The opening section of Michael Pollan's piece in the latest New York Review, "The Food Movement, Rising," is entitled "Food Made Visible." He is writing about political visibility, and his description of the increase of this visibility took me back to my high school days. Actually, the trigger came not from Pollan himself but from one of the books he cited, Eric Schlosser's Fast Food Nation, whose basic argument was surprisingly well dramatized in Richard Linklater's 2006 film of the same name, because Schlosser himself cited a source that had a major impact on my high school study of American history, The Jungle, by Upton Sinclair.
I suppose it was through my high school teacher telling us about this book that I first became aware of the concept of political visibility. He was less interested in what the book had to say than he was in the impact it had, more specifically its impact on a single person, President Theodore Roosevelt. As my teacher told the story, when Roosevelt read the book he "hit the ceiling," thus putting the wheels in motion for Federal regulation concerned with the food we eat.
As is the case with many high school narratives, this one was over-simplified. More accurately, Roosevelt had proposed such regulatory legislation before the book appeared but had to contend with a Senate that, as a whole, had little interest in such matters of regulation for the public good. According to Edmund Morris' Theodore Rex, Doubleday actually "cannily timed" the release of The Jungle "to coincide with Senate debate on a pure-food bill." Roosevelt did not "hit the ceiling" out of rage; but he probably reacted enthusiastically to the public support for this bill that was raised through the success of the book. It certainly helped him to enhance his reputation as a proponent of progressive thinking.
I raise this contrast between "high school myth" and reality as an example of just how elusive the concept of political visibility can be. The fact that the chief virtue of Fast Food Nation is the extent to which it retells much of the message of The Jungle may support the hypothesis that there is a "half-life" to progressive ideals, according to which they decay with the passage of time. Indeed, progressivism itself has decayed so much over the century since Roosevelt's presidency that one can barely detect it with a Geiger counter. The very concept is as much anathema to the Democratic Party as it is to the Republicans; and it is interesting to see that, while the current President labored long and hard to push through health care reform, any connection between food consumption and the need for health care seems to have been relegated to the First Lady.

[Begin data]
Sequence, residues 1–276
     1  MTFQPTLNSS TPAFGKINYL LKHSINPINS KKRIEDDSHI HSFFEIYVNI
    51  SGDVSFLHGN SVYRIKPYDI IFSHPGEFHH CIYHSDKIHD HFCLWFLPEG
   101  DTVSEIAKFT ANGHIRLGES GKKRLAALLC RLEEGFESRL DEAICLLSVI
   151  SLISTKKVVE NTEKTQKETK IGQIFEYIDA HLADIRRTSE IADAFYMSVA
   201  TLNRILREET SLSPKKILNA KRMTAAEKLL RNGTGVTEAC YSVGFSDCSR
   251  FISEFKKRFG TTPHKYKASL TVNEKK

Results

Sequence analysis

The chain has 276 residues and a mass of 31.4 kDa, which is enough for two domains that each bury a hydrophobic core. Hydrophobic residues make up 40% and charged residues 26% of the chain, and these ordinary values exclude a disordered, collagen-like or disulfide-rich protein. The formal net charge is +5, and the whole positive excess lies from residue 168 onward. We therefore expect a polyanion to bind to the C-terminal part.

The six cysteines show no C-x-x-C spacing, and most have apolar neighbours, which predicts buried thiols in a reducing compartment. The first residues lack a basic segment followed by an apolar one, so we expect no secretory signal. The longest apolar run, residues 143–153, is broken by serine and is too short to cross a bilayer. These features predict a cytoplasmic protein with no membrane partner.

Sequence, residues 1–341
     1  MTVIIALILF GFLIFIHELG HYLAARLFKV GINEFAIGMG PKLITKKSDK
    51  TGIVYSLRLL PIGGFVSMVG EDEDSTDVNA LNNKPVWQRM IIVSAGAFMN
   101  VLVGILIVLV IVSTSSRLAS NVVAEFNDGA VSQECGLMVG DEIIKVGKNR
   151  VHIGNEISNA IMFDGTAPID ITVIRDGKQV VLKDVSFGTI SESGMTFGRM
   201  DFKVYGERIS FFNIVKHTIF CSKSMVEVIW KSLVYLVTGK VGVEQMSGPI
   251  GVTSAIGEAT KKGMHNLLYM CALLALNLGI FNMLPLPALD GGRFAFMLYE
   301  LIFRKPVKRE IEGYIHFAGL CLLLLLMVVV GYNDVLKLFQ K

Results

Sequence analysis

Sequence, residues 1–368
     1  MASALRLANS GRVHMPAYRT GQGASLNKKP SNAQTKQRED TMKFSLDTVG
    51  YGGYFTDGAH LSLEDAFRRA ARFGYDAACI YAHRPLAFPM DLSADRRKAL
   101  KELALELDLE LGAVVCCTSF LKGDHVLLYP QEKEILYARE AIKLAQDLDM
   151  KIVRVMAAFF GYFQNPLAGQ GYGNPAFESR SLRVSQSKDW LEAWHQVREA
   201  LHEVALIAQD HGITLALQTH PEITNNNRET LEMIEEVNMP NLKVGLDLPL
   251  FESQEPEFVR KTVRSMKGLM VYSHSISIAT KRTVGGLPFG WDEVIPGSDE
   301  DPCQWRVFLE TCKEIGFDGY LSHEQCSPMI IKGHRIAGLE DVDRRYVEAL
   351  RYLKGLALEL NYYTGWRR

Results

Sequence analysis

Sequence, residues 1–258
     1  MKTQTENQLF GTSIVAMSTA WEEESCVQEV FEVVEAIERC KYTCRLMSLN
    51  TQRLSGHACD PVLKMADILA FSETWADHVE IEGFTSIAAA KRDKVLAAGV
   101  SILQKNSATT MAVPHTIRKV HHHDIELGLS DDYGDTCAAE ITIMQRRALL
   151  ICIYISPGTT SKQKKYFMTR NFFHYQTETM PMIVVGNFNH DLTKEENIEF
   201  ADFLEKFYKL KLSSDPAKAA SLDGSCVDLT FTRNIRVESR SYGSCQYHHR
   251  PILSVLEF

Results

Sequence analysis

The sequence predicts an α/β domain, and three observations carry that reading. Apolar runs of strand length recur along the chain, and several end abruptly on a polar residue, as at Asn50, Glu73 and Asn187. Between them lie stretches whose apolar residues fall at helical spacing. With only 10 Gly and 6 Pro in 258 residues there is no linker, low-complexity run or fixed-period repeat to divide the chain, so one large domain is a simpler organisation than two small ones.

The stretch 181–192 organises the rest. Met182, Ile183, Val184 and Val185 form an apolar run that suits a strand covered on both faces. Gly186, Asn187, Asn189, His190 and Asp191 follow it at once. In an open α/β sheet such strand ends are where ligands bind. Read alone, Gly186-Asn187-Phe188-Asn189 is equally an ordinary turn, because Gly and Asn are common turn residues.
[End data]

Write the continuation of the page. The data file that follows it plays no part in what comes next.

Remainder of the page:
More troubling is that Fast Food Nation, like The Jungle, is not just about the problems with the food we consume. Both books are also about the food production process, not only in matters of contamination but also regarding the alienating nature of the work itself. As the lack of health quality in what we eat that has faded from visibility, so has the deterioration of working conditions and the connection between that deterioration and general eating habits. Pollan summarizes this nicely:
The picture of the food company Schlosser painted resembles an upside-down version of the social compact sometimes referred to as "Fordism": instead of paying workers well enough to allow them to buy things like cars, as Henry Ford proposed to do, companies like Wal-Mart and McDonald's pay their workers so poorly that they can afford only the cheap, low-quality food these companies sell, creating a kind of nonvirtuous circle driving down both wages and the quality of food.
The decay of progressivism thus reflects the attrition of attention directed towards a deteriorating life style that benefits the rich and mighty at the expense of everyone else. It is the ultimate triumph of our consciousness industry, aimed at the "learned helplessness" of those not part of that "rich and mighty" of "the American ruling class." As I have previously suggested, such helplessness runs the risk of leading to rage; and that rage can just as easily lean against progressivism as towards it. Is it any wonder that what will probably be Tony Judt's final book carries the title Ill Fares the Land?